GDPR -Are you ready?

In May 2018, the new GDPR regulations will be in force and will replace the 1988 Data Protection Act. It has been designed to strengthen protection of personal data for all EU citizens and will affect companies of all sizes, in all regions, and in all industries.  Those not fully compliant when GDPR goes into effect risk legal, reputational, financial and operational impact.

Despite the UK’s decision to leave the EU, businesses will still need to adhere to the same stringent set of laws if they want to trade with other European countries; there is no opportunity here to breathe a sigh of relief and assume that the regulations will no longer matter.

The legislation will bring in a large number of changes and organisations will need to consider it carefully and make sure they are compliant by the time it comes into force. Issues which are attracting particular focus include consent, increased administrative requirements and the need to provide a full audit trail, data exports and the new obligations on data processors.

Categories of Fines

Whereas the Data Protection Directive only had one line stating that sanctions had to be defined by the Member States, the GDPR exactly details what administrative fines can be incurred for violating articles of the GDPR. The maximum fines depend on what the “category” in which the violation occurs: For less serious violations, the maximum is € 10 million or 2% of total annual worldwide turnover of the preceding year (whichever is higher); for more serious violations this goes up to € 20 million or 4%.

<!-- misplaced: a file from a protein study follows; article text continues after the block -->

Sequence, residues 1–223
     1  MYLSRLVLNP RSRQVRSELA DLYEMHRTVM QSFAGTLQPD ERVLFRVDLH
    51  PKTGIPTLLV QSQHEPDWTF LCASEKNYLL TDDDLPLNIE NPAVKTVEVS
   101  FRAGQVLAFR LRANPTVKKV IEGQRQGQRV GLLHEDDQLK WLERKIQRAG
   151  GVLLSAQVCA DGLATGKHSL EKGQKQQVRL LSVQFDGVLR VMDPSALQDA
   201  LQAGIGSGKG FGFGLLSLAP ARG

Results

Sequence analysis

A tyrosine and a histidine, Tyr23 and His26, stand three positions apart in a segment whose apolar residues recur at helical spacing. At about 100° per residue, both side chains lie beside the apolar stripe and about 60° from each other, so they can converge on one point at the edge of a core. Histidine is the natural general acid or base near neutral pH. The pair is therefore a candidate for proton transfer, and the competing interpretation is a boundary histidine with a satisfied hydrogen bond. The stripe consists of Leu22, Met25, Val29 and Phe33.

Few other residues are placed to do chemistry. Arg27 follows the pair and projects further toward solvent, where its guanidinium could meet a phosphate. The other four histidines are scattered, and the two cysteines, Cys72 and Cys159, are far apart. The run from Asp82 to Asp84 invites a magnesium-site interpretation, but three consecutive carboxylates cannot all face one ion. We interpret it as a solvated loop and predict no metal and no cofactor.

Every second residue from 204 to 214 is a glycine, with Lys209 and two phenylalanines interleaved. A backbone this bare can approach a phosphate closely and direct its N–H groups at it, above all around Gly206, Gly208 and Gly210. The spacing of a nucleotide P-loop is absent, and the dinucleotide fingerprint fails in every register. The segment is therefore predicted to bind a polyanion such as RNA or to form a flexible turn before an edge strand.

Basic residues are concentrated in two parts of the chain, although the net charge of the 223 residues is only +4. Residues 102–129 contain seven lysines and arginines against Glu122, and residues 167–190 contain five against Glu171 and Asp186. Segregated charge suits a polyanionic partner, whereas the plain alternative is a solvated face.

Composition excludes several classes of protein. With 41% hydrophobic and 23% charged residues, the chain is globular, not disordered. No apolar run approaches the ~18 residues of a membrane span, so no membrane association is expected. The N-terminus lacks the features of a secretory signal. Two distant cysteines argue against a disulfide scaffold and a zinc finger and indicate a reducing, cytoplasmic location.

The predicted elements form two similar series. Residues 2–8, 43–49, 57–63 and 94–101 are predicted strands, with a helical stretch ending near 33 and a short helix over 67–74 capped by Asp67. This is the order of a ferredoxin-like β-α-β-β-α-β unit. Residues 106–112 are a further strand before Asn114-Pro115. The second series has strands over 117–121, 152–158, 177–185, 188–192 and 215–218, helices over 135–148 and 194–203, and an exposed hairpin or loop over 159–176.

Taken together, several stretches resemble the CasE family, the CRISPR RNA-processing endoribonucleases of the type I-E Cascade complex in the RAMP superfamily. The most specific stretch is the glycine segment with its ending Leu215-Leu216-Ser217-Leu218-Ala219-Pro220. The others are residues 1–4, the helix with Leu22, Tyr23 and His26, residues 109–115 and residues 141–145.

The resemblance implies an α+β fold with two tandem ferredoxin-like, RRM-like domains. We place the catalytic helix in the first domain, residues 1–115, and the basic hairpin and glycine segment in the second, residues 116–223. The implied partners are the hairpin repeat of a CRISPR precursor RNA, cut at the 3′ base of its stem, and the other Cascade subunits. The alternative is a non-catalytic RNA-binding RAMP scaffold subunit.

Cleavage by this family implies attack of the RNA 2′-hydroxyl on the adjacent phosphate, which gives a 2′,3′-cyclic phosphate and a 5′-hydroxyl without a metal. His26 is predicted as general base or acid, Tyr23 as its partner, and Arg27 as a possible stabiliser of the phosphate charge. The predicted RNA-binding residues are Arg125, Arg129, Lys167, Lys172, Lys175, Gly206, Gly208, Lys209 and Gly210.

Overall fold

GDPR Checklist
  • Employee awareness
  • List the information you hold
  • Communicating privacy information
  • Individuals’ rights
  • Data access requests
  • Legal basis for processing personal data


          Download the full checklist here

  • Consent
  • Children
  • Data breaches
  • Privacy impact awareness
  • Data protection officers
  • International


Contact Centre Implications

For those managing a contact centre, you will have to audit how your customer data is entering the environment, how it is being processed and where it is being stored or indeed if it is being moved eg: if you are using cloud storage or do you have overseas offices etc.

It is also important that companies and their service providers have the necessary policies and processes in place should you encounter a data breach.

Installing and testing new systems, training employees, and getting your head around the new assessment processes can all take time, so it is best to start looking into all of this as soon as possible.

To try and help you along, Aeriandi are holding a GDPR workshop and have created a white paper on the subject. Please see further details below.

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0845 108 0308

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